Apsulov: End of Gods
If movies and games have taught us one thing, it’s that scientists are exceedingly good at meddling with things best left alone. In the case of Apsoluv: End of Gods by Swedish developer Angry Demon Studio, it is the exploitation of the nine realms of Asgard that backfires horribly for everyone involved. When research by Borr Corp uncovered that Norse Mythology is real, they wasted no time harnessing the powers of Yggdrasil, the World Tree, to travel between the realms and scavenging artifacts. Predictably enough, by the time Alice, the game’s protagonist, wakes up in an underground research facility, things are looking pretty grim.
After a somewhat jarring introduction to the world of Apsoluv: End of Gods, Alice is let loose on the underground facility. What is left of the place is dark and infested with evil, so Alice has to be cautious. However, she soon finds an ally in Dr. Henrik Andersson, the CEO of Borr Corp, who enlists her aid to try and set things right. Along the way, Alice discovers some shocking truths about her surroundings and herself as well.
Apsoluv: End of Gods is a first-person horror title that mixes Norse Mythology with science fiction. It’s a rather unusual combination, but the game pulls it off with style. The best way to describe Apsoluv would be as a combination of Hellblade: Senua’s Sacrifice and Deadspace, but don’t expect to wade into the fray with an arsenal of weapons. While Apsoluv does involve some combat, Alice is, for the most part, pretty vulnerable when it comes to the supernatural foes roaming around in the dark. Some stealth is required to stay out of their line of sight, and if all else fails, making a mad dash for safety can sometimes also work. The game does have save points, but plenty of things can go wrong in the long distances between them. Thankfully, death doesn’t have to be the end in Apsoluv, as Alice will simply end up in the afterlife. From here, Alice can win back her life by collecting two orbs to open a portal. While this is very easy, the task is complicated somewhat by the vengeful spirit that also lurks in the afterlife. If it catches Alice before placing the orbs in the right spots and making her escape, she will die permanently and be sent back to the last checkpoint.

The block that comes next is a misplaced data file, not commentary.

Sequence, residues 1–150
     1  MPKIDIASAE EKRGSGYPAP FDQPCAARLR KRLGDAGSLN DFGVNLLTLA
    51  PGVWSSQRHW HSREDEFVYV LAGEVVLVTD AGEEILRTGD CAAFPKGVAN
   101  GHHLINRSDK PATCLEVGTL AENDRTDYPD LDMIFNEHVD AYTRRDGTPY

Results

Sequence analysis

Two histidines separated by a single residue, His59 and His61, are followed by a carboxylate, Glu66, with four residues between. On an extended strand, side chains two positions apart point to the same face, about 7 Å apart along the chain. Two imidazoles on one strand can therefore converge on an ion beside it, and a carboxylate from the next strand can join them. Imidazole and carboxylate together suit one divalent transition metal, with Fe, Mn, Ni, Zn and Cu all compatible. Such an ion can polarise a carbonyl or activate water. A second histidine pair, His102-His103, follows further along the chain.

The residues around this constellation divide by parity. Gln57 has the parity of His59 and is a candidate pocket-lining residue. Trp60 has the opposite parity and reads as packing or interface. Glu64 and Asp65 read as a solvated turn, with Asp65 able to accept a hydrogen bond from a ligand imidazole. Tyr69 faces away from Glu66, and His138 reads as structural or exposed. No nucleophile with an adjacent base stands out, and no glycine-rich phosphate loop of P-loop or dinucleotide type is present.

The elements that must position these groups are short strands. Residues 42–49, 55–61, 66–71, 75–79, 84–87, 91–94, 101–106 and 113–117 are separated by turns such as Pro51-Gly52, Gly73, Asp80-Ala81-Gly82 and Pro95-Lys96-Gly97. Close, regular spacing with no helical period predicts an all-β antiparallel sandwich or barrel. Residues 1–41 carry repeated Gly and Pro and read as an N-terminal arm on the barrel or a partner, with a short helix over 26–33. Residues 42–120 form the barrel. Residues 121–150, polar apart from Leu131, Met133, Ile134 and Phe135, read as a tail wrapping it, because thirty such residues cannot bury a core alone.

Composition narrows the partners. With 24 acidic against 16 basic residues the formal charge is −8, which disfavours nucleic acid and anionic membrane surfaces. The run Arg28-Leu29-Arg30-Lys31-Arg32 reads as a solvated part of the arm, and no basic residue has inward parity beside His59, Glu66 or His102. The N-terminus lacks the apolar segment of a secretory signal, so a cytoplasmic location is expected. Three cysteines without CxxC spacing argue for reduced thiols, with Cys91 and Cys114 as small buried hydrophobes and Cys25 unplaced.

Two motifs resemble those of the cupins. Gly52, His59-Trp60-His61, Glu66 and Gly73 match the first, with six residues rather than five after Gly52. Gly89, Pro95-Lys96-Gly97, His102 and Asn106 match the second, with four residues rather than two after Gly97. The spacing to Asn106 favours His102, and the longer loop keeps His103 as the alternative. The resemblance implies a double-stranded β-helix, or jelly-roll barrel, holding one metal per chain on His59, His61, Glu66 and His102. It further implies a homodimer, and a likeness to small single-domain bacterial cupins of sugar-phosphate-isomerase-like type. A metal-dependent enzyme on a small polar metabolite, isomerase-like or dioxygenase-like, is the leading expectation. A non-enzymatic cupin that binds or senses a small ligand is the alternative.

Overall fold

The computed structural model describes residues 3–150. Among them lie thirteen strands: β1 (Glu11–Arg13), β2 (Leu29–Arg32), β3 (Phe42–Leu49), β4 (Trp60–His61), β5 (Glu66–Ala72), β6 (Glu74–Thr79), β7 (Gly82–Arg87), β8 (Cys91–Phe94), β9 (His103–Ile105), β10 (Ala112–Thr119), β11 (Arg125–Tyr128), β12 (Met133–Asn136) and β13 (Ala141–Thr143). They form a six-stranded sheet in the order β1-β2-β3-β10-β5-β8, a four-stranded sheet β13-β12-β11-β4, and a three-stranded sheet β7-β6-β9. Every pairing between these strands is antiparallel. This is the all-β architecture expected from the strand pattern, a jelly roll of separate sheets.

When Alice is not skulking around in the dark and avoiding enemies, there are a few environmental puzzles to solve as well as some light platforming. Alice is not particularly fast or strong, but she does gain access to two artifacts that give her a better chance at survival.
The first is a type of augmented vision called The Sight, which provides limited visibility in the dark and reveals things that other mortals cannot see. It is quite handy, seeing as most of the game is set in almost pitch darkness, but unfortunately, it can deplete very quickly and has to recharge between uses. The other artifact is a cybernetic arm called Jarngreipr that is powered by an energy source known as Etrium. Jarngreipr can be used for everything from opening doors and activating specific machines to blasting enemies, but Etrium is scarce enough that you can’t really abuse its powers.